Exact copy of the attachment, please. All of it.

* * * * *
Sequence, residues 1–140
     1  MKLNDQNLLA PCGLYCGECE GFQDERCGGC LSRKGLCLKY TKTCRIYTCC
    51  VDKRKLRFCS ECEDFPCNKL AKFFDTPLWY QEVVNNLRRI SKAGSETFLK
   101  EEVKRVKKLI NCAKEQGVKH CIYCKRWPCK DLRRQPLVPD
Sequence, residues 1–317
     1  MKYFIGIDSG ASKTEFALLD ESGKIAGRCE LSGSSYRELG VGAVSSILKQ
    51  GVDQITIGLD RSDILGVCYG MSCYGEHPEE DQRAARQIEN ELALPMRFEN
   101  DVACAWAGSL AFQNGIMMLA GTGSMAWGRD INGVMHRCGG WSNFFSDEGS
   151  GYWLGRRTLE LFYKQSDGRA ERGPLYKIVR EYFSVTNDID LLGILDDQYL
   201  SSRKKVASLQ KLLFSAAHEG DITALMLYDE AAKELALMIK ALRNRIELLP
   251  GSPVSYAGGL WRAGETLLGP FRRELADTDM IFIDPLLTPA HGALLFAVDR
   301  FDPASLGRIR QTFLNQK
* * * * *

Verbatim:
Sequence, residues 1–140
     1  MKLNDQNLLA PCGLYCGECE GFQDERCGGC LSRKGLCLKY TKTCRIYTCC
    51  VDKRKLRFCS ECEDFPCNKL AKFFDTPLWY QEVVNNLRRI SKAGSETFLK
   101  EEVKRVKKLI NCAKEQGVKH CIYCKRWPCK DLRRQPLVPD
Sequence, residues 1–317
     1  MKYFIGIDSG ASKTEFALLD ESGKIAGRCE LSGSSYRELG VGAVSSILKQ
    51  GVDQITIGLD RSDILGVCYG MSCYGEHPEE DQRAARQIEN ELALPMRFEN
   101  DVACAWAGSL AFQNGIMMLA GTGSMAWGRD INGVMHRCGG WSNFFSDEGS
   151  GYWLGRRTLE LFYKQSDGRA ERGPLYKIVR EYFSVTNDID LLGILDDQYL
   201  SSRKKVASLQ KLLFSAAHEG DITALMLYDE AAKELALMIK ALRNRIELLP
   251  GSPVSYAGGL WRAGETLLGP FRRELADTDM IFIDPLLTPA HGALLFAVDR
   301  FDPASLGRIR QTFLNQK